Money Talks: Will You Regret Selling Your Business?

Written by: Cale Dowell

We had the opportunity this month to host a gathering on the subject of business transitions.  When you really think about it, you realize that 100% of businesses will transition… whether it’s to a family member, a buyer, or simply closing the doors. Every company undergoes a transition of some kind.

 

Unfortunately, one study by the Exit Planning Institute found that 76% of business owners regret transitioning their company within the first 12 months.[1]

 

It begs the question: Why?

In an effort to explore this guarded topic, we asked our good friend Kevin Garland to join us in a dialogue on the subject. Kevin was a long-time private equity executive before recently being named CEO of his father in-laws $2 billion dollar family business. During his career in private equity, he looked at hundreds of businesses and ultimately deployed over $3 billion dollars across 19 acquisitions. Suffice to say, he knows a thing or two about business transitions.

Kevin shared a few key insights on common mistakes business owners make before transitioning a business that may lead to dissatisfaction. We’ll unpack several over the next few weeks. But today, we’ll tackle the big kahuna: the #1 Mistake to Avoid as a business owner.

Photo Feb 05, 12 22 47 PM-1

 

Mistake #1: No Written Succession/Transition Plan

Many business owners do not take the appropriate steps to maximize their value or minimize their tax burden before they sell the business. In fact, only 16% of business owners have a documented succession or transition plan.[2] This nearly always leads to a decreased valuation – i.e. less money in exchange for your business. And who ever heard of someone feeling happy when they sold something for less than they thought it was worth?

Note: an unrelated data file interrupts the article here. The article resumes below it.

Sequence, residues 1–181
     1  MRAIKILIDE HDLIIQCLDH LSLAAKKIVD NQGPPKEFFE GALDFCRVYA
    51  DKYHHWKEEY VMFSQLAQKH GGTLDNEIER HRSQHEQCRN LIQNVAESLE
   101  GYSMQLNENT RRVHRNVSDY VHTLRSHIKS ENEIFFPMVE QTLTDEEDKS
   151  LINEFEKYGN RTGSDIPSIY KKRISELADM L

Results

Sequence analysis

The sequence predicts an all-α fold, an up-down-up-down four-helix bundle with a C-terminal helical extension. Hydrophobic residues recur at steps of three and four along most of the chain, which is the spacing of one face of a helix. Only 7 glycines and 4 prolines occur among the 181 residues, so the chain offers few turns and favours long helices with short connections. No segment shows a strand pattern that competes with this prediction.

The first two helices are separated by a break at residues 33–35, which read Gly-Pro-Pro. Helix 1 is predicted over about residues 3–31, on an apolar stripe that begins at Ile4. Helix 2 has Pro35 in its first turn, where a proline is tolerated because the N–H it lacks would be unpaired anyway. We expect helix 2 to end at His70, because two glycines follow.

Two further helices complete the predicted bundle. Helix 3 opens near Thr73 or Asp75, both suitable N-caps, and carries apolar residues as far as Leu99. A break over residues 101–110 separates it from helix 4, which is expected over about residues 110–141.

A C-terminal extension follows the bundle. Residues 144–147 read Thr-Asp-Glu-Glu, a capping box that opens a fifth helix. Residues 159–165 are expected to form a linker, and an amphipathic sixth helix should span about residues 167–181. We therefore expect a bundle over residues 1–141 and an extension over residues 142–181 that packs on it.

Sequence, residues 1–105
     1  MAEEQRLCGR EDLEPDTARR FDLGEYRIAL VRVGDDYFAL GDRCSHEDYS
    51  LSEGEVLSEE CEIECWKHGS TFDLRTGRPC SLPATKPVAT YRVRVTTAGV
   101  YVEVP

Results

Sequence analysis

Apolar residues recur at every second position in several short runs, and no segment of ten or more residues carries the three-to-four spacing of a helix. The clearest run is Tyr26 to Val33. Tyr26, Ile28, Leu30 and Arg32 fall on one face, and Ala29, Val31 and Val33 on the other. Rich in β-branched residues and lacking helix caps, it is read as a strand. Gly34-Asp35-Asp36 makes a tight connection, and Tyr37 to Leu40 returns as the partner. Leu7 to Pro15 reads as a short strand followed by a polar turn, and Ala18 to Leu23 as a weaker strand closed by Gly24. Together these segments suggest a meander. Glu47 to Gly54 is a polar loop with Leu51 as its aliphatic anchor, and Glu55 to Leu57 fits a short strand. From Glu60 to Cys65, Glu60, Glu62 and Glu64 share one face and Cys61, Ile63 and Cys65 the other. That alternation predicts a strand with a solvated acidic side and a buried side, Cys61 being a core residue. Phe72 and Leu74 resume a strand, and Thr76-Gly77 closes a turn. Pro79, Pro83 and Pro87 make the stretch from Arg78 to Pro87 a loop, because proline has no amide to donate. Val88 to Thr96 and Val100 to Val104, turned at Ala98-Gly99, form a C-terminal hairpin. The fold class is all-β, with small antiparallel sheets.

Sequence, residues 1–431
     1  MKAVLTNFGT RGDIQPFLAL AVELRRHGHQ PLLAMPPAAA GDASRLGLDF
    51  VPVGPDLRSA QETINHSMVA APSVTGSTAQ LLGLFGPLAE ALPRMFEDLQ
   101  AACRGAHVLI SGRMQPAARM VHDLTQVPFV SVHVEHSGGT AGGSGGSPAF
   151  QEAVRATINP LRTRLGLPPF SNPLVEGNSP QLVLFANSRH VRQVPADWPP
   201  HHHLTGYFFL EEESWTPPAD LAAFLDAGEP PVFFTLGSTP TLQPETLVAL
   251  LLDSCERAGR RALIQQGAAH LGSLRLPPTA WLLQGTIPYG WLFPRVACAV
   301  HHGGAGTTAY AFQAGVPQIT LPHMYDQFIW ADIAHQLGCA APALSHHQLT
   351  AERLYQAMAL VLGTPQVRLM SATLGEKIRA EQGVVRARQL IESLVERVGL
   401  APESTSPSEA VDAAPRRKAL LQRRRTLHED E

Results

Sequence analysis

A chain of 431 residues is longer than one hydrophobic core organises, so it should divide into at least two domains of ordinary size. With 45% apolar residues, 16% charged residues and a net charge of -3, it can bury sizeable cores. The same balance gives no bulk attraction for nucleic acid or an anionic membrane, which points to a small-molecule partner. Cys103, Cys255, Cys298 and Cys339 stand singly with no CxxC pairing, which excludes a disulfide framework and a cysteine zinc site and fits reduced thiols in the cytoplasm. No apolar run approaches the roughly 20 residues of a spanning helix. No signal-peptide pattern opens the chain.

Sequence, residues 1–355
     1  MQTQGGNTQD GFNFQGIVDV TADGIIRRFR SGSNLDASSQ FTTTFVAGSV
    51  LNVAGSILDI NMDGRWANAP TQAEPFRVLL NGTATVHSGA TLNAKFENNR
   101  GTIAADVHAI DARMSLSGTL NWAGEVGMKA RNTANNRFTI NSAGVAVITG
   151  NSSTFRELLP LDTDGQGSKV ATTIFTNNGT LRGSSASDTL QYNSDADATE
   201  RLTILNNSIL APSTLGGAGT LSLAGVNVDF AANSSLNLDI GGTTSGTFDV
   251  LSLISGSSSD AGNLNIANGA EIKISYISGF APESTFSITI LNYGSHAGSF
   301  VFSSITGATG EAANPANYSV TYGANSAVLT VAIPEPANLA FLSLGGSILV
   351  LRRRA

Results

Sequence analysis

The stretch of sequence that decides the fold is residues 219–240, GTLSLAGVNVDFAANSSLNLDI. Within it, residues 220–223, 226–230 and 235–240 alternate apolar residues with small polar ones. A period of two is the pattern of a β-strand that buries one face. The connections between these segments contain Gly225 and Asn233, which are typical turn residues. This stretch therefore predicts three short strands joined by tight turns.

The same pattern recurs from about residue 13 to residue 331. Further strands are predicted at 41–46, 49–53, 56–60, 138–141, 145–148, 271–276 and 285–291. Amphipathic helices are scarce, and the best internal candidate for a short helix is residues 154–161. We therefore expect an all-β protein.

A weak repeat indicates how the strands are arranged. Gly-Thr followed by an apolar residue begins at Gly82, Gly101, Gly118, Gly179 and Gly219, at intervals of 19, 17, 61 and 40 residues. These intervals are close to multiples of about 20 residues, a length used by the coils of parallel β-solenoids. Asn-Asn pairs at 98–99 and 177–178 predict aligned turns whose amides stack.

Moreover, a Wilmington Trust study revealed that business owners who take the time to plan for transition report increased valuation, minimized taxes, and improved family harmony.[3]

More money, less taxes, AND my family harmony is improved? I’ll take an order of that, please.

Kevin graciously outlined a few key items that will improve your odds of a successful transition:

  1. Do an honest assessment of your business and succession plan with outside input and accountability.
  2. Write down a plan and discuss it with your family and kids
  3. Execute the plan. Don’t put it off.
  4. Develop the next generation. Don’t hold on too tight.
  5. Surround yourself with trustworthy and competent advisors. Hire a true professional to sell the business.

To summarize, if you’re a business owner, don’t put off the planning process for another second. It might be the difference between a great valuation or a bad one, or the difference between exiting with joy or exiting with regret.

 

Sources:

[1] http://www.exit-planning-institute.org/wp-content/uploads/2015/05/State_of_Owner_Readiness_2013_Report.pdf
[2] https://www.pwc.com/gx/en/pwc-family-business-survey/assets/family-business-survey-2014.pdf 
[3] https://www.wilmingtontrust.com/repositories/ebook/The-Power-of-Planning/index.html#p=17

Cale Dowell serves as Vice President for Archetype Wealth Partners and resides in Houston with his wife Lynne and their young daughter. Cale is seeking to create a paradigm shift in the way the financial services industry serves and impacts people. Archetype exists to help families thrive across generations.

 

Our intent in providing this material is purely for informational purposes, as of the date hereof, and may be subject to change without notice. This article does not intend to constitute accounting, legal, tax, or other professional advice. Visitors and readers should not act upon the content or information found here without first seeking appropriate advice from a trusted accountant, financial planner, lawyer or other professional.

Follow us on: